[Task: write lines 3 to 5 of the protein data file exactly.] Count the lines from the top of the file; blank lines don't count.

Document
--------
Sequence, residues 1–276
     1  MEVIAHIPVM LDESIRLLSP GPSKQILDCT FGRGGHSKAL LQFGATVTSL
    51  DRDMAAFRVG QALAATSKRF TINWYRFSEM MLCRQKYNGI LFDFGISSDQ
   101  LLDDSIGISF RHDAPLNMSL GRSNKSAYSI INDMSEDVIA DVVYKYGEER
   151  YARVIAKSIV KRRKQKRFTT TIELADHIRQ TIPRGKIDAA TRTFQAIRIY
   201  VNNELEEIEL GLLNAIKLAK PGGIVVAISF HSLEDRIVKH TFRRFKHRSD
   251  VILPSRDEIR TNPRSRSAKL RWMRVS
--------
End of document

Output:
    51  DRDMAAFRVG QALAATSKRF TINWYRFSEM MLCRQKYNGI LFDFGISSDQ
   101  LLDDSIGISF RHDAPLNMSL GRSNKSAYSI INDMSEDVIA DVVYKYGEER
   151  YARVIAKSIV KRRKQKRFTT TIELADHIRQ TIPRGKIDAA TRTFQAIRIY